20. Gao X, Nau DP. Congruence of three self-report measures of medication adherence among HIV patients. Annals of Pharmacotherapy, 2000, 34: 1117 - 1122.

21. Waterhouse DM et al. Adherence to oral tamoxifen: a comparison of patient self-report, pill counts, and microelectronic monitoring. Journal of Clinical Oncology, 1993, 11: 1189 - 1197.

22. Rand CS et al. Metered-dose inhaler adherence in a clinical trial. American Review of Respiratory Disease, 1992, 146: 1559 - 1564.

23. Haynes RB, McKibbon KA, Kanani R. Systematic review of randomised trials of interventions to assist patients to follow prescriptions for medications. Lancet, 1996, 348: 383 - 386.

24. Wagner GJ, Rabkin JG. Measuring medication adherence: are missed doses reported more accurately then perfect adherence? AIDS Care, 2000, 12: 405 - 408.

25. Du Pasquier-Fediaevsky L, Tubiana-Rufi N. Discordance between physician and adolescent assessments of adherence to treatment: influence of HbA1c level. Diabetes Care, 2002, 22: 1445 - 1449.

26. Gilbert JR et al. Predicting compliance with a regimen of digoxin therapy in family practice. Canadian Medical Association, 1980, 123: 119 - 122.

27. Chesney MA. Factors affecting adherence to antiretroviral therapy. Clinical Infectious Diseases, 2000, 30: S171 - 176.

28. Bartlett J, DeMasi R, Quinn J, Moxham C, Rousseau F. Correlation between antiretroviral pill burden and durability of virologic response: a systematic overview. Program and abstracts of the XIII International AIDS Conference; 9 - 14 July, 2000; Durban, South Africa. Abstract ThPeB4998.

29. Carr A. HIV protease inhibitor-related lipodystrophy syndrome. Clinical Infectious Diseases, 2000, 30: S135 - S142.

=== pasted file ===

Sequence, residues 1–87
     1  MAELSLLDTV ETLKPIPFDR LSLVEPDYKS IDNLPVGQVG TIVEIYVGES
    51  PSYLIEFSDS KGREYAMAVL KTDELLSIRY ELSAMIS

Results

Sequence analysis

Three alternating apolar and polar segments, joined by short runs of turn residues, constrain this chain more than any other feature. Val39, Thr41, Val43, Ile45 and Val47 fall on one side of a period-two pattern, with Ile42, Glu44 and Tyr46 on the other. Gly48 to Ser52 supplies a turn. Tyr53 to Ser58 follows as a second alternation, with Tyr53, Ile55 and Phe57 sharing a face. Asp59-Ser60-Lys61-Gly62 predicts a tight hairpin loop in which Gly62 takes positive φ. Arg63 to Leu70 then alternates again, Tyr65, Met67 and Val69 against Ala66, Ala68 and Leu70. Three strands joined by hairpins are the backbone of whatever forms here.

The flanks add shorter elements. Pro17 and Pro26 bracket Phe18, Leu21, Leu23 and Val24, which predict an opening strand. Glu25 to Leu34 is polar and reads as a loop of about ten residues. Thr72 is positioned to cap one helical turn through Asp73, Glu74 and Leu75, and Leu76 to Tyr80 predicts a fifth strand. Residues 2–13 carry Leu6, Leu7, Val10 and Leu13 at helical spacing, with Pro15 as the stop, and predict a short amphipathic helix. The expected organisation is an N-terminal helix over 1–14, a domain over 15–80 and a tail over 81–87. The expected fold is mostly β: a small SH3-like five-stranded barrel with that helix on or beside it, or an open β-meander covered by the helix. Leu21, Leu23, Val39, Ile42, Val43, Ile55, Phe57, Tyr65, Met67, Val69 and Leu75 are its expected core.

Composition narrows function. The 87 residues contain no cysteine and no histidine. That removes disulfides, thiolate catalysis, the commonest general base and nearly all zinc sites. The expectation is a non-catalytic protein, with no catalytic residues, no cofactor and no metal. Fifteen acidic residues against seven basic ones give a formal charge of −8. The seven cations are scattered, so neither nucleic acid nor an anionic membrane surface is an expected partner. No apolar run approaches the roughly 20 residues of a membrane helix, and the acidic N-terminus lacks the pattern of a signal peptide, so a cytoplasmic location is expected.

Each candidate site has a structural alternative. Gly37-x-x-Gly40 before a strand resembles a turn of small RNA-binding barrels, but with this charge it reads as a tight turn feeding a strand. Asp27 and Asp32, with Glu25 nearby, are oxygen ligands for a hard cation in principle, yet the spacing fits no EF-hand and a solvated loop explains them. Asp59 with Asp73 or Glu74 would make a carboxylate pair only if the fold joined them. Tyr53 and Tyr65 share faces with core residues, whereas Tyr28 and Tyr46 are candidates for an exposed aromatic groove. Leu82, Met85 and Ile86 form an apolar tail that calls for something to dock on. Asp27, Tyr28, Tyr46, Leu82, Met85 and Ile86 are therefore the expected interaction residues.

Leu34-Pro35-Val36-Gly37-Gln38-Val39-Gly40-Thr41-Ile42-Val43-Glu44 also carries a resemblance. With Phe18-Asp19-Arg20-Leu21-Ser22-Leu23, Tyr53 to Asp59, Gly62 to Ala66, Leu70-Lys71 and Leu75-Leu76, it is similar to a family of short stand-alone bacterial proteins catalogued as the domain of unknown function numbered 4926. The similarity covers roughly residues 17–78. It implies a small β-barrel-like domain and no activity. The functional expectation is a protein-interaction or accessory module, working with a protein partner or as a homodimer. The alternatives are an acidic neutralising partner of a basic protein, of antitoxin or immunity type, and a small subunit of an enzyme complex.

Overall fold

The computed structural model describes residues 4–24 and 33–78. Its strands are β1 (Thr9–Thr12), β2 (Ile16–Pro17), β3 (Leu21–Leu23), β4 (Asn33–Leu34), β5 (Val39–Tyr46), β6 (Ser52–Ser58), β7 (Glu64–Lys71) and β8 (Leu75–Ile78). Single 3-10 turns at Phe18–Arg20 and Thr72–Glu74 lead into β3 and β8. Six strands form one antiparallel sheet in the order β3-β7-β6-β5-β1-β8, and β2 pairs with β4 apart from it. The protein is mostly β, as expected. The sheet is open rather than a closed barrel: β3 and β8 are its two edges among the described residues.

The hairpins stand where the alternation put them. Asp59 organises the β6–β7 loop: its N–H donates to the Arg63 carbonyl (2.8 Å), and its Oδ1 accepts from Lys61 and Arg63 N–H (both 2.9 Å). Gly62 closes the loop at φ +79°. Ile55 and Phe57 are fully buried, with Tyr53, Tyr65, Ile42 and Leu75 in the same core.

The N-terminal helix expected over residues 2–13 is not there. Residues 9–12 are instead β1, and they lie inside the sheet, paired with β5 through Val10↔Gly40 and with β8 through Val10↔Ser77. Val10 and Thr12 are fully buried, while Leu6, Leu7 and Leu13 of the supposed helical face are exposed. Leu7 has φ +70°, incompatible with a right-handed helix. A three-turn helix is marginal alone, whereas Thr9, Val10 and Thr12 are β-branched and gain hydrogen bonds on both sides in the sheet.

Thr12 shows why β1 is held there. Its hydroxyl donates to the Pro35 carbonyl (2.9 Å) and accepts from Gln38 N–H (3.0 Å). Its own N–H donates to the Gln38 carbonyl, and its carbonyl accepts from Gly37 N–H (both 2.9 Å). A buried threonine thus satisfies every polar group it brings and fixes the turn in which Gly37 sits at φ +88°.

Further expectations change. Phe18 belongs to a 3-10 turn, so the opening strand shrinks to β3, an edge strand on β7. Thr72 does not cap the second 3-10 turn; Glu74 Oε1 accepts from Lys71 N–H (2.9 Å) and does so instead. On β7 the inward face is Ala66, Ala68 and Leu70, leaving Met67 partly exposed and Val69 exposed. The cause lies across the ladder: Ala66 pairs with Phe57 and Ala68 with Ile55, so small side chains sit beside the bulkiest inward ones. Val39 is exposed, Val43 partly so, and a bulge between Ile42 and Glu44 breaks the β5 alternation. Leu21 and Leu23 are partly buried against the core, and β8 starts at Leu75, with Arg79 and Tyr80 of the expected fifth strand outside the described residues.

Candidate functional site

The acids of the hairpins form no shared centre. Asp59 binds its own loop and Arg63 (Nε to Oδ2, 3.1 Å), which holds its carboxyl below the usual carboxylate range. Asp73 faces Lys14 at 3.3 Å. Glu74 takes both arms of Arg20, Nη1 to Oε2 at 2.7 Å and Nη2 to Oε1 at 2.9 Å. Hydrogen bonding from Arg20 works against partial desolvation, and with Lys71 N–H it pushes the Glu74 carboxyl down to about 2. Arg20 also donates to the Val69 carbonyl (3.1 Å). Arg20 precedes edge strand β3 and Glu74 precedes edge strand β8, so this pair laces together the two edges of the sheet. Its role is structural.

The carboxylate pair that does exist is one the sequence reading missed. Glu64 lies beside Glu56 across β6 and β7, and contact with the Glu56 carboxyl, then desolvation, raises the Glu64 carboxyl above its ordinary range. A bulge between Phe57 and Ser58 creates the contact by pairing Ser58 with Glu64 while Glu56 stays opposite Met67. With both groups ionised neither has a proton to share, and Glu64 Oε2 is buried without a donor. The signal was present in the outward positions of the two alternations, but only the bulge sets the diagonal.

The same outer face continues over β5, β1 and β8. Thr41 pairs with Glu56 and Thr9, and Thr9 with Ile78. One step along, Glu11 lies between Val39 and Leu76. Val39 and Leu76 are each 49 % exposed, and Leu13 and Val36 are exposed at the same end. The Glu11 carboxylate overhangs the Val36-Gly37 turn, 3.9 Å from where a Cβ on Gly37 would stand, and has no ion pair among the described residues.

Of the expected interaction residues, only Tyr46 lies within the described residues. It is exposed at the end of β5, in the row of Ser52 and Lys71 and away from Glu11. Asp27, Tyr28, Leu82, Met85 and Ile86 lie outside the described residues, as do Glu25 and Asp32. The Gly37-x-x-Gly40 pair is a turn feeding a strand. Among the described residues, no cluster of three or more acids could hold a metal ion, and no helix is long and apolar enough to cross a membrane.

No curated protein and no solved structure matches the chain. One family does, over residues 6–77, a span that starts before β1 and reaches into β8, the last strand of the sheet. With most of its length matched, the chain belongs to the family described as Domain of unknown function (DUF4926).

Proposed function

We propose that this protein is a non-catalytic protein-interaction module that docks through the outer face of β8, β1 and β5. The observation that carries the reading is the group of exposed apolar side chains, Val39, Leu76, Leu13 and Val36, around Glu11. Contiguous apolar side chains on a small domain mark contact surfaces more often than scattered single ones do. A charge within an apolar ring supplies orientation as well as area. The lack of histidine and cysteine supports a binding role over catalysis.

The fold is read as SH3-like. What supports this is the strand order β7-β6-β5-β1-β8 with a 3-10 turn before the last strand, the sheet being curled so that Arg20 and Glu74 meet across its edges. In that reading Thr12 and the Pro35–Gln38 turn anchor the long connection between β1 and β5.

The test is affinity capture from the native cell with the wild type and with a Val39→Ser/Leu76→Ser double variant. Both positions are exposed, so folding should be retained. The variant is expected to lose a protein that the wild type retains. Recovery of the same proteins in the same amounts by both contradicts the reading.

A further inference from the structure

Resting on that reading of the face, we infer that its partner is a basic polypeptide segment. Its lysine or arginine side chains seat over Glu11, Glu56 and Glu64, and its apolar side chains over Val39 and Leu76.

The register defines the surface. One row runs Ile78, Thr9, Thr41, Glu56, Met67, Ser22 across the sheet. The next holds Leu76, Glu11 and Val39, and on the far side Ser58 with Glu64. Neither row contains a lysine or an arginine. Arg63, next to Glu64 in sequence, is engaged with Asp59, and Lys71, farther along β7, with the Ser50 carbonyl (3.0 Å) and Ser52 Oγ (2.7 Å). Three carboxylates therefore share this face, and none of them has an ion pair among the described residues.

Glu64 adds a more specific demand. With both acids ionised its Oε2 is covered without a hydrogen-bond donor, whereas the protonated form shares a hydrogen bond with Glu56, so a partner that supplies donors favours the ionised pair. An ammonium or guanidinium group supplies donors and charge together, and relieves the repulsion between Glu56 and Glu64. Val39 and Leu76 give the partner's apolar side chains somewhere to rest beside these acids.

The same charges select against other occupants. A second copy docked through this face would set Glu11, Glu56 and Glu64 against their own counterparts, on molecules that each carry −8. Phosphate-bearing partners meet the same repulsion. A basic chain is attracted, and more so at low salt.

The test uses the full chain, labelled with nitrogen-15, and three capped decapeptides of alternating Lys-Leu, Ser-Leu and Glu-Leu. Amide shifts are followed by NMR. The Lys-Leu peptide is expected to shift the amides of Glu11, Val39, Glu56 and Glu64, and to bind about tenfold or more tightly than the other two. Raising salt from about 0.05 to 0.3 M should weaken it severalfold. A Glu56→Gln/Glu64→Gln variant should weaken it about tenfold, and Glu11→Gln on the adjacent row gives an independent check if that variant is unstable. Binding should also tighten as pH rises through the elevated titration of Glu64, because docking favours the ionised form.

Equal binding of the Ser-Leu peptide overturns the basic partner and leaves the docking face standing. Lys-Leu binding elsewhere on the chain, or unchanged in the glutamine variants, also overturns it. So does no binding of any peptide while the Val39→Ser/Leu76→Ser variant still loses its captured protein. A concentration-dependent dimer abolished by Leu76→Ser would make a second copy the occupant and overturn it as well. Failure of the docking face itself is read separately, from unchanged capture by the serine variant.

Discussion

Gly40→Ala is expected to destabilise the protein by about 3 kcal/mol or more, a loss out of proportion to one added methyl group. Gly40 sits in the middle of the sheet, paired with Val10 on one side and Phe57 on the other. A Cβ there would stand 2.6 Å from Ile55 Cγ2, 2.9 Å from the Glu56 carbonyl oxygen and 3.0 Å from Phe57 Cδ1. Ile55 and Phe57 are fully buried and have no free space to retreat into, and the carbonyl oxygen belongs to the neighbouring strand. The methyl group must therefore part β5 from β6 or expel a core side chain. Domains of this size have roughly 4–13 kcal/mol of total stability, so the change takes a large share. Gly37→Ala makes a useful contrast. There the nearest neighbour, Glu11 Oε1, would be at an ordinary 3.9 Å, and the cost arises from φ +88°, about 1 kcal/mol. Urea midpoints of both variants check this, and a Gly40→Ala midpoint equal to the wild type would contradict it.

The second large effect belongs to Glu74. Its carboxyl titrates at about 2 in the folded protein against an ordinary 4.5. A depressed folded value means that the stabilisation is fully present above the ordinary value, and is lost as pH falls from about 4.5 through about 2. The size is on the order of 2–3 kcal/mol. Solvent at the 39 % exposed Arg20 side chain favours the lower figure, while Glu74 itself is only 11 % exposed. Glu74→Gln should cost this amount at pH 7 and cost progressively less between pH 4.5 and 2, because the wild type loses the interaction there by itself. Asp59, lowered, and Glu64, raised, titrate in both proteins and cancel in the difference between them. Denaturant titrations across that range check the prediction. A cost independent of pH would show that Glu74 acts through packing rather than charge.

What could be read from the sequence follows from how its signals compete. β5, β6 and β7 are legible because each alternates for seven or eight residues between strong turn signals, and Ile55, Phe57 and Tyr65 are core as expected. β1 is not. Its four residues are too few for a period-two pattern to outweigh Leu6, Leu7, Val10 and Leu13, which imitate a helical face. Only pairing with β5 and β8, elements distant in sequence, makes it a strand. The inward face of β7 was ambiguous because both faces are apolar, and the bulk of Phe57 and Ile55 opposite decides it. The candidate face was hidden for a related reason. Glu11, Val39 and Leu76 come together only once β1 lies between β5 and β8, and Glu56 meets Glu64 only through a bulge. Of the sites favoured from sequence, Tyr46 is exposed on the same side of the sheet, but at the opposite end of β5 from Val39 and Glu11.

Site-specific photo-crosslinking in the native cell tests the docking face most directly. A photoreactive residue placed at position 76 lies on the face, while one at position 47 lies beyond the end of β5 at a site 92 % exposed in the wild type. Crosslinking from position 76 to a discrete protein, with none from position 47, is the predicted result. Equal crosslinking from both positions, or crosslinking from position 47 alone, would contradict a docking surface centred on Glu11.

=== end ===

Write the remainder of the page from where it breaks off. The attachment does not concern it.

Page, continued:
30. D'Arminio A et al. Insights into the reasons for discontinuation of the first highly active antiretroviral therapy (HAART) regimen in a cohort of antiretroviral naïve patients. AIDS, 2000, 14: 499 - 507.

31. Kaul DR et al. HIV protease inhibitors: advances in therapy and adverse reactions, including metabolic complications. Pharmacotherapy, 1999, 19: 281 - 298.

32. Gao X et al. The relationship of disease severity, health beliefs and medication adherence among HIV patients. AIDS Care, 2000, 12: 387 - 398.

33. Eldred LJ et al. Adherence to antiretroviral and pneumocystis prophylaxis in HIV disease. Journal of Acquired Immune Deficiency Syndromes, 1998, 18: 117 - 125.

34. Greenberg RN. Overview of patient compliance with medication dosing: a literature review. Clinical Therapeutics, 1984, 6: 592 - 599.

35. Wenger N et al. Patient characteristics and attitudes associated with antiretroviral (AR) adherence. Abstract No. 98. Presented at the VI Conference on retrovirus and opportunistic infections. Washington DC, 1999.

36. Halkitis P et al. Characteristics of HIV antiretroviral treatments and adherence in an ethnically-diverse sample of men who have sex with men. AIDS Care (in press).

37. Stone VE et al. HIV/AIDS patients' perspectives on adhering to regimens containing protease inhibitors. Journal of General Internal Medicine, 1998, 13: 586 - 593.

38. Stone V. Strategies for optimizing adherence to highly active antiretroviral therapy: Lessons from research and clinical practice. Clinical Infectious Diseases, 2001, 33: 865 - 872.

39. Nieuwkerk PT, Gisolf EH, Wu AW. Quality of life in asymptomatic- and symptomatic HIV infected patients in a trial of ritonavir/saquinavir therapy. AIDS, 2000, 14: 181 - 187.

40. Mocroft A et al. Reasons for modification and discontinuation of antiretrovirals: results from a single treatment centre. AIDS, 2001, 15: 185 - 194.

41. Catz SL et al. Patterns, correlates, and barriers to medication adherence among persons prescribed new treatments for HIV disease. Health Psychology, 2000, 19: 124 - 133.

42. Duran S et al. Self-reported symptoms after initiation of a protease inhibitor in HIV-infected patients and their impact on adherence to HAART. HIV Clinical Trials, 2001, 2: 38 - 45.

43. Kasper TB, Arboleda CH, Halpern M. The impact of patient perceptions of body shape changes and metabolic abnormalities on antiretroviral therapy. Program and abstracts of the XIII International AIDS Conference; July 9-14, 2000; Durban, South Africa. Abstract WePpB1380.

44. Graham NM. Metabolic disorders among HIV-infected patients treated with protease inhibitors: a review. Journal of Acquired Immune Deficiency Syndromes, 2002, 25: S4 - S11.

45. Mauss S. HIV-associated lipodystrophy syndrome. AIDS, 2000, 14: S197 - S207.

46. Carr A et al. A syndrome of peripheral lipodystrophy, hyperlipidaemia and insulin resistance in patients receiving HIV protease inhibitors. AIDS, 1998, 12: F51 - F58.

47. Gervasoni C, Ridolfo AL, Trifirò G. Redistribution of body fat in HIV-infected women undergoing combined antiretroviral therapy. AIDS, 1999, 13: 465 - 471.